6. charlie Member

    As the Dutch Hertz employee said to me, recently, in Holland where I had rented a WV “or equivalent”, the “equivalent” being a new Renault, with about 4000 kilometers on it, “the French build beautiful cars, but they are not good mechanics”, this was when I returned it and complained that the driver’s door was about to fall off – one hinge was very loose, the other sort of loose, and it could not be shut completely, but it could be locked, albeit ajar.

  7. Moe D

    Fantastic Car / Recipe for Disaster!!

    French and Italian engineering sent to America where lack of dealer training & support made the success of these cars doomed from the start.

    Buying a less than perfect car is not for the faint of heart!

    I learned to drive on one of these as my dad had one, and can never forget the drive or get this car out of my head. I’ve posted a well known pic of what a Good one looks like.

    What was said above is true: These are Super cars and the small group of flaws that sentenced them to doom & death have been very well documented and are easily addressed by the guys/shops that specialize in these, although- literally-, few and far between. They can run hard & forever nowadays with the right updates.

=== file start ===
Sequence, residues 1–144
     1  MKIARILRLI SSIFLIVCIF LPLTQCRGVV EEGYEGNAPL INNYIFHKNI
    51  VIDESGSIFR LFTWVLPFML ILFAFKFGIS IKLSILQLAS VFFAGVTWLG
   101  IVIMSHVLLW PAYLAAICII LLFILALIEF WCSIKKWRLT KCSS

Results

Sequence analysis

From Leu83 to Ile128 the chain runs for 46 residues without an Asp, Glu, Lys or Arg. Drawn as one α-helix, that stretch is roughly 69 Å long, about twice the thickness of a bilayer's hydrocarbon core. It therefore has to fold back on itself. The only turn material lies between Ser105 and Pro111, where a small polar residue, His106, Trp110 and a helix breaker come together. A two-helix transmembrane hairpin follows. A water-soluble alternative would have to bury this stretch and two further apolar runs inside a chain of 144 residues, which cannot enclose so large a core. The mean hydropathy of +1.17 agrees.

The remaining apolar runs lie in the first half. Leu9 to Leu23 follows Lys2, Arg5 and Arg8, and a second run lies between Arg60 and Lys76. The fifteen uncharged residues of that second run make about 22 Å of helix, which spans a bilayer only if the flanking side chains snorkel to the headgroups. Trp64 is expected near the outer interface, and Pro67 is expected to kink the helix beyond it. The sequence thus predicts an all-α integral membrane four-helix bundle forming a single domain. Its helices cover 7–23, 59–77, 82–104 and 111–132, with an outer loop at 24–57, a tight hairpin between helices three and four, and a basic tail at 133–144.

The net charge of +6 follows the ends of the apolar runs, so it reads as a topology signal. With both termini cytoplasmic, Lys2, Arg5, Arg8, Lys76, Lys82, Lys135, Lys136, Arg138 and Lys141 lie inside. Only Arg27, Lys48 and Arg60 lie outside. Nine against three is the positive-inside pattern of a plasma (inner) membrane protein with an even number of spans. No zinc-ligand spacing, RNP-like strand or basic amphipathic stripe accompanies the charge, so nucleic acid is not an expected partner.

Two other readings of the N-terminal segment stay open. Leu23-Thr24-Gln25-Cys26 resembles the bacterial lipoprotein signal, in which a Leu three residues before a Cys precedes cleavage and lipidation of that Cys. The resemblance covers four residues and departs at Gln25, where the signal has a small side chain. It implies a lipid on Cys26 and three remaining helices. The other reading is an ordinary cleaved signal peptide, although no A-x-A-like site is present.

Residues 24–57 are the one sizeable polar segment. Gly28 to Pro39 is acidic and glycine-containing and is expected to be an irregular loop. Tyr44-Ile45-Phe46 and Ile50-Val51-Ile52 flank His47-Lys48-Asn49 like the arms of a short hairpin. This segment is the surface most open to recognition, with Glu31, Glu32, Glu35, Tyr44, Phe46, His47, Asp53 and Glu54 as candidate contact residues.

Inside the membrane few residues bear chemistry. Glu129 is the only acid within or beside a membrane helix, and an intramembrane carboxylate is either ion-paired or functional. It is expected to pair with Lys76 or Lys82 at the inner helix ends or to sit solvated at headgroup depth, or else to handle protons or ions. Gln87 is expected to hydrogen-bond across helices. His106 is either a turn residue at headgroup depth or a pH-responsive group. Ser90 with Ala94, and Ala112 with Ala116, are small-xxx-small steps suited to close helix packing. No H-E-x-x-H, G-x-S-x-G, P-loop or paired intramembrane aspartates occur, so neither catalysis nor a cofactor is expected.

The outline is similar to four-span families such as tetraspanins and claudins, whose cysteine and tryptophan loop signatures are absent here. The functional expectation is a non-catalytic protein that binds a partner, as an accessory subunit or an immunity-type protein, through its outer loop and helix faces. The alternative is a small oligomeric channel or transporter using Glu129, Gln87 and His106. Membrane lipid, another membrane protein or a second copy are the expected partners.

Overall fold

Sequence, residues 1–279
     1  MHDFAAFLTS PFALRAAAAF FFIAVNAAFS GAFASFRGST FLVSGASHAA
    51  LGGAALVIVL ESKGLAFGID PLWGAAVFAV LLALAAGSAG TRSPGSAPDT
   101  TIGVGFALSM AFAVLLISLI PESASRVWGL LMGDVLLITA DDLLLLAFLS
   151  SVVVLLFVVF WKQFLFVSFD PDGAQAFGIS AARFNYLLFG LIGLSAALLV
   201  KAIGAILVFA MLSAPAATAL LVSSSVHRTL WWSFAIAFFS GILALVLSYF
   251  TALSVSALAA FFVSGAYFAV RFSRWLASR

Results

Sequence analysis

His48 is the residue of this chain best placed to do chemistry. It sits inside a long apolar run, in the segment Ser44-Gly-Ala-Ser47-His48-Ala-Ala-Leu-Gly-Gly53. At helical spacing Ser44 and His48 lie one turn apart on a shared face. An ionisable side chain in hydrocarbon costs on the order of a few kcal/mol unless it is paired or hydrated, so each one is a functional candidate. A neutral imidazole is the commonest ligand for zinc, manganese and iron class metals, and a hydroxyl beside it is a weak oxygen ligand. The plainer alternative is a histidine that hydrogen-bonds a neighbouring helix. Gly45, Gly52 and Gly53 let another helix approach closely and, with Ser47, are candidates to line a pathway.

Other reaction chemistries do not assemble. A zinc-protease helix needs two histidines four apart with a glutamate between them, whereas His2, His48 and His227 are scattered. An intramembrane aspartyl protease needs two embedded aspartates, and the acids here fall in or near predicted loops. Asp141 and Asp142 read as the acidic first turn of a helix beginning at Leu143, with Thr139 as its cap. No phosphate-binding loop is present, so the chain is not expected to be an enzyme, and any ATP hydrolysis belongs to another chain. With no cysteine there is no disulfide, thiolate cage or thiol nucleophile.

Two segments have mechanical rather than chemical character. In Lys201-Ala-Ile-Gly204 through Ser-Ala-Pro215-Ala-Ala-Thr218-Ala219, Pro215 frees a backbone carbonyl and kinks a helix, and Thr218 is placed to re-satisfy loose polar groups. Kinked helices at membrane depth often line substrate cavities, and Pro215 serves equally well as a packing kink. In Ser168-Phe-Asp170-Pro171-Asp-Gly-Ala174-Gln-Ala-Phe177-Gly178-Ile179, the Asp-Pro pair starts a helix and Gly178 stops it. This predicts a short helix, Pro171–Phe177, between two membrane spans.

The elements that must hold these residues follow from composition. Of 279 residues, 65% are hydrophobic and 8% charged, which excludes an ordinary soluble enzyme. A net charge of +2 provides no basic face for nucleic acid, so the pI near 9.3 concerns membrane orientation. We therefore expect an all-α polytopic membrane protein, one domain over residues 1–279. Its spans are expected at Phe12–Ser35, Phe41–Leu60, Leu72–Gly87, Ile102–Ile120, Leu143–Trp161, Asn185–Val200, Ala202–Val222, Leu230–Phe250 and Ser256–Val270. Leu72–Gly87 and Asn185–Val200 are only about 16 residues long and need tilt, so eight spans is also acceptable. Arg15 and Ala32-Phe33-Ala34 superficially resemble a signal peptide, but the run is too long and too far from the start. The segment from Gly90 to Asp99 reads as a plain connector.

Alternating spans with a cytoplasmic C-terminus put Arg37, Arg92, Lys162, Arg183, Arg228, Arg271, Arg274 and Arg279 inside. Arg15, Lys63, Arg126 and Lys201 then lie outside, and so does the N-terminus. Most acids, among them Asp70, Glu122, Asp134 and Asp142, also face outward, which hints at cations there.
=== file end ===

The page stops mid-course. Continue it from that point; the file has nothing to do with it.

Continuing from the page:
Too bad though, because without a familiar shop looking at them, no one else will have a clue as to the French hydraulics or the Italian motor’s idiosyncracies. Too much of the cars are either not or mis understood, including the hydraulic steering, clutch, brakes and suspension and even the lighting on the European front end (much more Beautiful) that turns with the steering.

    These cars were and may still be way ahead of their time, and they’re not quite too pricey yet, but are on their way to being so. Working on them can be Very pricey though, so buy one that’s been well cared for, or stay away.

    Still though, one of the most enamoring experiences you can have behind the wheel of a car this side of the moon… ;)